ipfw: Too many dynamic rules

Marat N.Afanasyev amarat at ksu.ru
Fri Sep 10 11:16:47 UTC 2010

Ian Smith wrote:
> On Thu, 9 Sep 2010, Vlad Galu wrote:
>   >  2010/9/9 Marat N.Afanasyev<amarat at ksu.ru>:
>   >  >  I wonder, are these dynamic rules really necessary? let's see, a client
>   >  >  connects to your web-server and you immediately should create a new dynamic
>   >  >  rule, therefore you participate in this DoS attack as well as attacker. ;)
>   >
>   >  With a stateless firewall, you help the attacker even more. Because
>   >  he's able to connect to your httpd/whatever daemon is listening
>   >  directly and he can easily fill up the descriptor table of that
>   >  process. Limiting the number of states/connections from the same host
>   >  prevents that. Sure, those states eat up RAM, but so do the
>   >  established connections. Having a slightly more aggressive state
>   >  expiry policy always helps. Sure, there are accf_http(9), accf_data(9)
>   >  and various forking workarounds, but they don't work unless your TCP
>   >  server is specifically designed to use them.
> Agreed.

stateful firewall does not limits numbers of states/connections. it just 
add a new layer which can be overfulled easily. if you experience a DDoS 
attack it's better to block attackers addresses, e.g, adding them to 
some ipfw table using external methods.

did you try to use lighweight and FAST frontend web-server as proxy? 
e.g. www/nginx or www/zerowait-httpd?

>   >  PF also allows you to tarpit malicious hosts based on how often they
>   >  try to reconnect - you can dynamically add them to a table which you
>   >  can refer to from ALTQ.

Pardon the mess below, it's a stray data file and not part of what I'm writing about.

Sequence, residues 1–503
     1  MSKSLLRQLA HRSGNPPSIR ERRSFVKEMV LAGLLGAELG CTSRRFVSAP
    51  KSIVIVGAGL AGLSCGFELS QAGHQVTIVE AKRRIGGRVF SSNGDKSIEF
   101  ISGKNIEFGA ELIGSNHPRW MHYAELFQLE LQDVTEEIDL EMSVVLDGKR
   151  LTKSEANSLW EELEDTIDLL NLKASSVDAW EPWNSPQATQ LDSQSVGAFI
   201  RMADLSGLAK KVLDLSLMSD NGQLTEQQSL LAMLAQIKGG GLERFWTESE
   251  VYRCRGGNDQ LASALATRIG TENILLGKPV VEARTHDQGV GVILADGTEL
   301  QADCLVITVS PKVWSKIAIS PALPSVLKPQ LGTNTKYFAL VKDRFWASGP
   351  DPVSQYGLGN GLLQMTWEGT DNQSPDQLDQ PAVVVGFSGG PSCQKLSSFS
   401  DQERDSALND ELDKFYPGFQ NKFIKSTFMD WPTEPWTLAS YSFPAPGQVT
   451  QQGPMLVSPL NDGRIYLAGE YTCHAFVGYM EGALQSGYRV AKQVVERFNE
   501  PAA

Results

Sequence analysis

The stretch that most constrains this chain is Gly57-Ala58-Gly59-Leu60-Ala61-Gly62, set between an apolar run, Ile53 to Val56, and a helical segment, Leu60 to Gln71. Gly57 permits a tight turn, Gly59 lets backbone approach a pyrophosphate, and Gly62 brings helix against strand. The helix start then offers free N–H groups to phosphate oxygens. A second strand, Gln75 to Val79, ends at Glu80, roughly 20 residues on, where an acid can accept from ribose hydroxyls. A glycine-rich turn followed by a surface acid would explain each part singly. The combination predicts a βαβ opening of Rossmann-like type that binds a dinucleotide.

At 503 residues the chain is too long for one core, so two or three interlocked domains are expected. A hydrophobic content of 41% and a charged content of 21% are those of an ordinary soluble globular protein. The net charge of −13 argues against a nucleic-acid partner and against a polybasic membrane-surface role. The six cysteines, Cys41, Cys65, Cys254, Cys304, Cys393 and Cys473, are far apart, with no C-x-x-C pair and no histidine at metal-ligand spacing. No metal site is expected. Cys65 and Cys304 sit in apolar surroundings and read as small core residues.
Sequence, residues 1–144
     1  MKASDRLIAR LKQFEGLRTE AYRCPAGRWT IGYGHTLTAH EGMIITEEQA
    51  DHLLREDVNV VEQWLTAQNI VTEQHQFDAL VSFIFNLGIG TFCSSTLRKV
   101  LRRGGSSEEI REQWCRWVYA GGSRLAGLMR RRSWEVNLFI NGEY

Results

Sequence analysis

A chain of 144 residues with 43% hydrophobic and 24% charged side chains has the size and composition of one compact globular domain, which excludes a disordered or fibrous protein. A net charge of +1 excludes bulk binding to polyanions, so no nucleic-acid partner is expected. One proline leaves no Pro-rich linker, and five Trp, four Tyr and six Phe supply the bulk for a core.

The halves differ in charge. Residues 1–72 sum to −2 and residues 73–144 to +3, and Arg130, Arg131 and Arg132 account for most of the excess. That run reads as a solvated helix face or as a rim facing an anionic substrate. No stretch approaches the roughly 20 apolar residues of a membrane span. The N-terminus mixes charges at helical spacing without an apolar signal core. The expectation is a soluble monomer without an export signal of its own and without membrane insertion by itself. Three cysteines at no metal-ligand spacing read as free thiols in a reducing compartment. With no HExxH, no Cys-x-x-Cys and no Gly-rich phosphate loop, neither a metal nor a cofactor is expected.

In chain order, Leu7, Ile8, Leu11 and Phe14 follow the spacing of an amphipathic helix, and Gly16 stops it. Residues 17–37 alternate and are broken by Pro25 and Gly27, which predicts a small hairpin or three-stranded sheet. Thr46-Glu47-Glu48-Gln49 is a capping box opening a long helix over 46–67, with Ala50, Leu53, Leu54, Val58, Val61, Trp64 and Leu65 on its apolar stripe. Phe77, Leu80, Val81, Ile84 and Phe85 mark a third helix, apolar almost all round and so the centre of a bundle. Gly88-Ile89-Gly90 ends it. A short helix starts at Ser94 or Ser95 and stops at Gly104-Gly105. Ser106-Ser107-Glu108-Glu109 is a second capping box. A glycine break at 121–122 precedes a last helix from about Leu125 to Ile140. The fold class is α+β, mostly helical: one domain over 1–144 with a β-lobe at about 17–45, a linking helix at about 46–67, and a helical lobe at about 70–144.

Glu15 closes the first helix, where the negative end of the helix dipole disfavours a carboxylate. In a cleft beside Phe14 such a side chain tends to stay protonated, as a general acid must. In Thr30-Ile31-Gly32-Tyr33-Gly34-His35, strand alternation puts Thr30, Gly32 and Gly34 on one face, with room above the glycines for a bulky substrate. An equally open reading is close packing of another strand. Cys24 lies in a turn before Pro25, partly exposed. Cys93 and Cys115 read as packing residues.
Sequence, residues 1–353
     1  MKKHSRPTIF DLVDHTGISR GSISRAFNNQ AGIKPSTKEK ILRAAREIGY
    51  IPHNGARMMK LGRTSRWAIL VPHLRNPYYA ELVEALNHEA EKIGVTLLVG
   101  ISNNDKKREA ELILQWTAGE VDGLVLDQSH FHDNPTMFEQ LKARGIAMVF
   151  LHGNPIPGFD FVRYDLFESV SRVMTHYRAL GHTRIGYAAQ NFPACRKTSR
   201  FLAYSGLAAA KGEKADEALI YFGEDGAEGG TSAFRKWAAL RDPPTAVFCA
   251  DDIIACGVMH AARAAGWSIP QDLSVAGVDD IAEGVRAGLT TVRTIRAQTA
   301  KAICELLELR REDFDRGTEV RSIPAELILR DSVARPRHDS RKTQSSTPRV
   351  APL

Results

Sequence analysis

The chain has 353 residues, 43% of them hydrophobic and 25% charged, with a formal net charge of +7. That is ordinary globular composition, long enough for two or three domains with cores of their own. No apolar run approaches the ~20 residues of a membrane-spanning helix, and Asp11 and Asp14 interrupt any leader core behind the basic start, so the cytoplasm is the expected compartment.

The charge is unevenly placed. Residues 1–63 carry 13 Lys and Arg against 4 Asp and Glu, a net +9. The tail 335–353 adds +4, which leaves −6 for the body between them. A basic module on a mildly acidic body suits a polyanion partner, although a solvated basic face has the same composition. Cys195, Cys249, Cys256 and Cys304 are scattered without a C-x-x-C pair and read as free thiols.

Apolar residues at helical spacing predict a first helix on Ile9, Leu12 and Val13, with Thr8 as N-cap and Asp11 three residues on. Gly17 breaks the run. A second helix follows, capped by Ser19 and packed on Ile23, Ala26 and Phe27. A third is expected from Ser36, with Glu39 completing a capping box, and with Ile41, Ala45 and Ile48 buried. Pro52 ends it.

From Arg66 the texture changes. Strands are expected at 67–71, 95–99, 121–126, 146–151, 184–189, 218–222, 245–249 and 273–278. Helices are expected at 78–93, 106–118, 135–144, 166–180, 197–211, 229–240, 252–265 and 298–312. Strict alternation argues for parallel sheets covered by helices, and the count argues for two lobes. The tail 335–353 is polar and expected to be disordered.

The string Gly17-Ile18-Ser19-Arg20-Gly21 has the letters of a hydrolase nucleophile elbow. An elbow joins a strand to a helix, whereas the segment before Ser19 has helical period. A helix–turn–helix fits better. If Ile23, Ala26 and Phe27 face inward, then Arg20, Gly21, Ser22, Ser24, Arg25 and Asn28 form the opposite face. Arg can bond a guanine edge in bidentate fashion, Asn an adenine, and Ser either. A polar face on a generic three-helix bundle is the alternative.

> As mentioned, ipfw 'limit' rules accomplish effectively the same without
> needing an extra table; eg only allowing N simultaneous connections from
> any one address.  If N were say 4, even a distributed attack by 20 hosts
> will only allow 80 concurrent connections, no big deal for the firewall
> and no need to bother trying to limit connections later at the server.

I can say that 4 connection limit is extremely low limit, because if you 
use a somewhat "distributed" web site (css, images, etc. in different 
files) client software may open DOZENS of connections simultaneously, 
and you will deny absolutely rightful connections. btw, real DDoS is 
often uses thousands, tens of thousands and even hundreds of thousands 
botware hosts. I've rarely seen millions, may be 2 or three times at 
all, while 50-80 thousands hosts is average.

> That said, I've also tables blocking noted pests, including some recent
> distributed bots seeking eg blocklist='scripts/setup.php p=phpinfo();'
> which irritated me enough to knock up a script to knock them off :)

yes, this is one of the best looking solutions.

SY, Marat

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